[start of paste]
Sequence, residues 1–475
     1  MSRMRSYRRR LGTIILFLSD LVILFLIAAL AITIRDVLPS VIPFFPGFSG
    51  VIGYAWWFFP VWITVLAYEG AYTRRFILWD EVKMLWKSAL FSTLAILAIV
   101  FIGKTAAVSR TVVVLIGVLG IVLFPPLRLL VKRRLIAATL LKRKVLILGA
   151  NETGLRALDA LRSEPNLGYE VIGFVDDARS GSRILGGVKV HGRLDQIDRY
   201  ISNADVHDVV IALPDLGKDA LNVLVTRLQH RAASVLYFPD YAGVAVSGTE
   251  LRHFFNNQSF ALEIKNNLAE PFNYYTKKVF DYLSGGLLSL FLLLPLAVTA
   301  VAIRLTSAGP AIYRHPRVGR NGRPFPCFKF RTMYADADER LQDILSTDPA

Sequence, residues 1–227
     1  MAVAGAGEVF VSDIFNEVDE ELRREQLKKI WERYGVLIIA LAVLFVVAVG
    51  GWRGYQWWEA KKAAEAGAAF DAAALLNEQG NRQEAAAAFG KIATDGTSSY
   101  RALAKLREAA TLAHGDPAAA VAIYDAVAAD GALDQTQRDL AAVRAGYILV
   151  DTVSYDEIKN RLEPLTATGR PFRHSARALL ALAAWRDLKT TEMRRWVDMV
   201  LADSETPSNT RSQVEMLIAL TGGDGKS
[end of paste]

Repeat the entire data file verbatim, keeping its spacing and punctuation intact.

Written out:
Sequence, residues 1–475
     1  MSRMRSYRRR LGTIILFLSD LVILFLIAAL AITIRDVLPS VIPFFPGFSG
    51  VIGYAWWFFP VWITVLAYEG AYTRRFILWD EVKMLWKSAL FSTLAILAIV
   101  FIGKTAAVSR TVVVLIGVLG IVLFPPLRLL VKRRLIAATL LKRKVLILGA
   151  NETGLRALDA LRSEPNLGYE VIGFVDDARS GSRILGGVKV HGRLDQIDRY
   201  ISNADVHDVV IALPDLGKDA LNVLVTRLQH RAASVLYFPD YAGVAVSGTE
   251  LRHFFNNQSF ALEIKNNLAE PFNYYTKKVF DYLSGGLLSL FLLLPLAVTA
   301  VAIRLTSAGP AIYRHPRVGR NGRPFPCFKF RTMYADADER LQDILSTDPA

Sequence, residues 1–227
     1  MAVAGAGEVF VSDIFNEVDE ELRREQLKKI WERYGVLIIA LAVLFVVAVG
    51  GWRGYQWWEA KKAAEAGAAF DAAALLNEQG NRQEAAAAFG KIATDGTSSY
   101  RALAKLREAA TLAHGDPAAA VAIYDAVAAD GALDQTQRDL AAVRAGYILV
   151  DTVSYDEIKN RLEPLTATGR PFRHSARALL ALAAWRDLKT TEMRRWVDMV
   201  LADSETPSNT RSQVEMLIAL TGGDGKS